Akram Da’darah, M.Sc. Ph.D. is a Associate Professor at the Cummings School of Veterinary Medicine who joined the Molecular Helminthology Laboratory in 2010. Dr. Da’darah studies schistosomiasis, a major human parasitic disease caused by helminth parasites of the genus Schistosoma, also known as “Blood Flukes”. His main research focuses on Host-Parasite interaction. The overall objective of his research is to understand how schistosome parasites are able to survive in the host for several years, as well as to identify novel candidates that can be used as drug targets and/or vaccine candidates.
Prior to joining Tufts University, Akram has worked at the Department of Immunology and Infectious Diseases/Harvard School of Public Health for twelve years as a post-doctoral fellow, a research associate and a scientist. He has extensive experience in studying schistosome parasites.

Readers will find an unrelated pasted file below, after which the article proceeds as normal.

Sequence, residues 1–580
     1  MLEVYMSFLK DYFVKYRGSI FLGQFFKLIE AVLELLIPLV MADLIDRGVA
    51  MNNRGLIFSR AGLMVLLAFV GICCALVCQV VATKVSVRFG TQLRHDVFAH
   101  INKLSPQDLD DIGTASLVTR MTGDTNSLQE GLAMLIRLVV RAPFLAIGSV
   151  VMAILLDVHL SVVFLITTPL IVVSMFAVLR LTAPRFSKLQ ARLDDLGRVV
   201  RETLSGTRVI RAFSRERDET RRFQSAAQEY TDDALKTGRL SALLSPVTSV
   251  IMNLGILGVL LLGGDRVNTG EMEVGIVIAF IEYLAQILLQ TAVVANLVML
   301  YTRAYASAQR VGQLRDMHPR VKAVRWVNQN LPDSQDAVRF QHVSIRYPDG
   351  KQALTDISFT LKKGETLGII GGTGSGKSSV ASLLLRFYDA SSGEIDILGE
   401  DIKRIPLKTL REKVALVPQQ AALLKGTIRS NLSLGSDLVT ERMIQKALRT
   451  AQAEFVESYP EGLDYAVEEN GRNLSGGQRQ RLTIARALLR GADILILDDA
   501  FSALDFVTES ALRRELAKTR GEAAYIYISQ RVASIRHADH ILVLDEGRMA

He received his Ph.D. in Molecular and Biochemical Parasitology in 1997 from Bernhard Nocht Institute for Tropical Medicine/Hamburg University, Germany. His Ph.D. research focused on polyamine metabolic pathway as a drug target for human parasitic diseases. He also obtained a Master’s degree in Cytogenetics.
PhD, Hamburg University, Germany, 1997
MSc, Yarmouk Univeristy, Jordan, 1992
BSc, Yarmouk Univeristy, Jordan, 1990
Molecular and Biochemical Parasitology
Drug Discovery and Development: For parasitic diseases
Immune regulation and vaccine development.
Selected Research Projects
Host-Parasite interaction: This project investigates the interactions between schistosome parasites and their host. This will enhance our understanding of the mechanism(s) that allow the parasites to survive in their host for several years. In addition, this will result in the identification of novel therapeutic targets for schistosomiasis.
Vaccine development for schistosomiasis. This project will evaluate several novel surface parasites proteins as vaccine candidates against schistosome infections.
Drug development. We use molecular and biochemical approaches to identify novel targets. We perform high throughput drug-screens (in vitro and in vivo) to identify and validate parasite-specific inhibitors which will be developed as a therapy for schistosomiasis.